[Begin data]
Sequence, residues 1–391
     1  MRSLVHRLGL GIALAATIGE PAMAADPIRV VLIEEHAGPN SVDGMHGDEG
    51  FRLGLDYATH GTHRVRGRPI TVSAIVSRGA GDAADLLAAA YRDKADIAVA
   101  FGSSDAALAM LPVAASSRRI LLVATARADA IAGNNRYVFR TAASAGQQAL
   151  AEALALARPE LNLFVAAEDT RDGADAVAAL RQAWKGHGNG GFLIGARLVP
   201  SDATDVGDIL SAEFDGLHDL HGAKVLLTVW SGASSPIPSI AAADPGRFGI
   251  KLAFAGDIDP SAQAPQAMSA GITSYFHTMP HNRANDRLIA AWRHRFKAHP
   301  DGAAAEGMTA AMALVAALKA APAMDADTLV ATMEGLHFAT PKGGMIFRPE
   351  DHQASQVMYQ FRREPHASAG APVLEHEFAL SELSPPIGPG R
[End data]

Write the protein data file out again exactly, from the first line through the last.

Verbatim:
Sequence, residues 1–391
     1  MRSLVHRLGL GIALAATIGE PAMAADPIRV VLIEEHAGPN SVDGMHGDEG
    51  FRLGLDYATH GTHRVRGRPI TVSAIVSRGA GDAADLLAAA YRDKADIAVA
   101  FGSSDAALAM LPVAASSRRI LLVATARADA IAGNNRYVFR TAASAGQQAL
   151  AEALALARPE LNLFVAAEDT RDGADAVAAL RQAWKGHGNG GFLIGARLVP
   201  SDATDVGDIL SAEFDGLHDL HGAKVLLTVW SGASSPIPSI AAADPGRFGI
   251  KLAFAGDIDP SAQAPQAMSA GITSYFHTMP HNRANDRLIA AWRHRFKAHP
   301  DGAAAEGMTA AMALVAALKA APAMDADTLV ATMEGLHFAT PKGGMIFRPE
   351  DHQASQVMYQ FRREPHASAG APVLEHEFAL SELSPPIGPG R